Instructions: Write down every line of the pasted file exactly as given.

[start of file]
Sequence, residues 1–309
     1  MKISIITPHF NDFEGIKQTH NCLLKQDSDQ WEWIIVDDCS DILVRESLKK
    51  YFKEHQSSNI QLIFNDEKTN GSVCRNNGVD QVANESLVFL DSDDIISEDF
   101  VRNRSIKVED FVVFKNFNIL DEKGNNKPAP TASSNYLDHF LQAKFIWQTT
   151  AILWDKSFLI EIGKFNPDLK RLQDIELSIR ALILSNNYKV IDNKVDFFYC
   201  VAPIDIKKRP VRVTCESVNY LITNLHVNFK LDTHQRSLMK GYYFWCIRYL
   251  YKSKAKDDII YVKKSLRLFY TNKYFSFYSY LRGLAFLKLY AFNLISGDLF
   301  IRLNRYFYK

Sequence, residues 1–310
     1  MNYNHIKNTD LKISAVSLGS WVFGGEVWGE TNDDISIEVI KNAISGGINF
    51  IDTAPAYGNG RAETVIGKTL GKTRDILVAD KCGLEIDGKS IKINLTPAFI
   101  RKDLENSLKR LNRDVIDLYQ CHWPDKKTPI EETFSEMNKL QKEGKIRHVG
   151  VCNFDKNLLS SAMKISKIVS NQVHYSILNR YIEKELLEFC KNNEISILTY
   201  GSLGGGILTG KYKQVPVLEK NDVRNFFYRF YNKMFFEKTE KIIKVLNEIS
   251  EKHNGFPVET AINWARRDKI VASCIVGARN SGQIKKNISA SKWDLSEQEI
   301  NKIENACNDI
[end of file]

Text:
Sequence, residues 1–309
     1  MKISIITPHF NDFEGIKQTH NCLLKQDSDQ WEWIIVDDCS DILVRESLKK
    51  YFKEHQSSNI QLIFNDEKTN GSVCRNNGVD QVANESLVFL DSDDIISEDF
   101  VRNRSIKVED FVVFKNFNIL DEKGNNKPAP TASSNYLDHF LQAKFIWQTT
   151  AILWDKSFLI EIGKFNPDLK RLQDIELSIR ALILSNNYKV IDNKVDFFYC
   201  VAPIDIKKRP VRVTCESVNY LITNLHVNFK LDTHQRSLMK GYYFWCIRYL
   251  YKSKAKDDII YVKKSLRLFY TNKYFSFYSY LRGLAFLKLY AFNLISGDLF
   301  IRLNRYFYK

Sequence, residues 1–310
     1  MNYNHIKNTD LKISAVSLGS WVFGGEVWGE TNDDISIEVI KNAISGGINF
    51  IDTAPAYGNG RAETVIGKTL GKTRDILVAD KCGLEIDGKS IKINLTPAFI
   101  RKDLENSLKR LNRDVIDLYQ CHWPDKKTPI EETFSEMNKL QKEGKIRHVG
   151  VCNFDKNLLS SAMKISKIVS NQVHYSILNR YIEKELLEFC KNNEISILTY
   201  GSLGGGILTG KYKQVPVLEK NDVRNFFYRF YNKMFFEKTE KIIKVLNEIS
   251  EKHNGFPVET AINWARRDKI VASCIVGARN SGQIKKNISA SKWDLSEQEI
   301  NKIENACNDI